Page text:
Annual spend

Scottish budgets have been accompanied by a Carbon Assessment for over a decade. This assessment provides a “snapshot” of the greenhouse gas emissions created by the goods and services (such as concrete, steel and machinery) that will be bought in that budget year. The Carbon Assessment makes no attempt to work out the longer-term effect of spend – for example, whether investment will “lock in” higher or lower carbon behaviour across multiple years.

Doing such a calculation with accuracy and precision would be impossible, but the Scottish Government has made an additional “taxonomy” analysis of its annual capital/infrastructure spend available for the last three budgets. The Scottish Budget 2021-22 includes this “Taxonomy Assessment of the Capital Budget” in the budget document itself and, in her Budget Statement, the Cabinet Secretary for Finance said:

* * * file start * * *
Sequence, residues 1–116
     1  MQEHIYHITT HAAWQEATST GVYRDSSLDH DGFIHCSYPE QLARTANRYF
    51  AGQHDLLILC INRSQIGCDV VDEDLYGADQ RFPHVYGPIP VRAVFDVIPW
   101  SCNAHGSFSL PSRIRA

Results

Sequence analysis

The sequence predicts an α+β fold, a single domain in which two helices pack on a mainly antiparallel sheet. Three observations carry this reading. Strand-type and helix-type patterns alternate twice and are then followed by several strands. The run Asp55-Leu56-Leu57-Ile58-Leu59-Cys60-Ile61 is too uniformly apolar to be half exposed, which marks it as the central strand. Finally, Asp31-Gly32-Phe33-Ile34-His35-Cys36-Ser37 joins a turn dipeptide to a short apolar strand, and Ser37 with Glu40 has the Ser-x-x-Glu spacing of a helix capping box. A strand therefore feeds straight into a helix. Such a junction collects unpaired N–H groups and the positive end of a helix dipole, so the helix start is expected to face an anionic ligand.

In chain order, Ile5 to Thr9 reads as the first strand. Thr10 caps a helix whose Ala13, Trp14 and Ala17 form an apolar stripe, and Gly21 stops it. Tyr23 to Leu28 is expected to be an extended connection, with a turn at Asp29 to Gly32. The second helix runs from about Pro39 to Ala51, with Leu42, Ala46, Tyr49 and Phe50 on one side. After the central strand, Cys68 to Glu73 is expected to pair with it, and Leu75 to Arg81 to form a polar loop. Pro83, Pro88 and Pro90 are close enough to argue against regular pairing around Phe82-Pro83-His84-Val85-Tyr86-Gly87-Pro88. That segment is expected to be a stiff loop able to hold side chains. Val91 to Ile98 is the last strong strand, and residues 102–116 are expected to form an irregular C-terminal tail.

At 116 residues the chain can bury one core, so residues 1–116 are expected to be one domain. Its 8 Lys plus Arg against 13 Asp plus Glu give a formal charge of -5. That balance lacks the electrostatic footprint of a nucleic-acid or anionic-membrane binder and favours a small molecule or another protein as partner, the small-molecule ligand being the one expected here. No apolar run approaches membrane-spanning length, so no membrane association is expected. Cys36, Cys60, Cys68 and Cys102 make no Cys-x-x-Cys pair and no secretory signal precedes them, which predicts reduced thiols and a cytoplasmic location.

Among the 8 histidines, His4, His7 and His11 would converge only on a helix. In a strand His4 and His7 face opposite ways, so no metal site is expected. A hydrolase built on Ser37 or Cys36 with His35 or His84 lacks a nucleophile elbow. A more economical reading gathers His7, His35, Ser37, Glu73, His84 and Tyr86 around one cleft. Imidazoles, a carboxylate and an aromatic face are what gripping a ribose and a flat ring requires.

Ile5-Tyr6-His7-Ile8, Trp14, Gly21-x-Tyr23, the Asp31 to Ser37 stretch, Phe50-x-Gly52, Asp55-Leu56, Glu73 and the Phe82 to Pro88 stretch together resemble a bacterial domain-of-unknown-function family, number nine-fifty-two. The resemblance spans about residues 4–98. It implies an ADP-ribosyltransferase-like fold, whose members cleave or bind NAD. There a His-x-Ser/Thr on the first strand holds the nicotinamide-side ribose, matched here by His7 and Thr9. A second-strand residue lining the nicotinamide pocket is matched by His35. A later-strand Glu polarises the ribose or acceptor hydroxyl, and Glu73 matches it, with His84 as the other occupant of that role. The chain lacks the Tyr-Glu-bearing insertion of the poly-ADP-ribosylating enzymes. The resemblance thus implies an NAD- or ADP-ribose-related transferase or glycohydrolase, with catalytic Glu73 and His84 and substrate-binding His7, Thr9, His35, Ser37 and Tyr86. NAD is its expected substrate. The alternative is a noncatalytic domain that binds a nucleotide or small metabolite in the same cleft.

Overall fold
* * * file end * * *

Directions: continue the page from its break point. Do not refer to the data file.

“Our carbon taxonomy shows that nearly 37 per cent—more than £1.9 billion—of our capital investment is low carbon. As we look to Glasgow hosting the 26th conference of the parties—the COP26 summit—in November, we want to inspire global action and demonstrate that Scotland is a world leader in green and renewable technologies.”

The Taxonomy Analysis does not calculate the scale or intensity of any long-term emissions impacts, but simply categorises capital expenditure in the budget as having a broadly positive, negative or neutral effect on future emissions. For example, spending on a rail project is classed as low carbon (i.e. it is expected to reduce greenhouse gas emissions in the long-term), while spending on a motorway project is classed as high carbon (i.e. it is expected to increase greenhouse gas emissions in the long-term). This approach does not quantify infrastructure investment’s impact on emissions but can give an indication of the level of alignment with climate change goals. The Taxonomy Analysis across all four available years demonstrates an increasing proportion of Scottish Government capital spend classified as low carbon.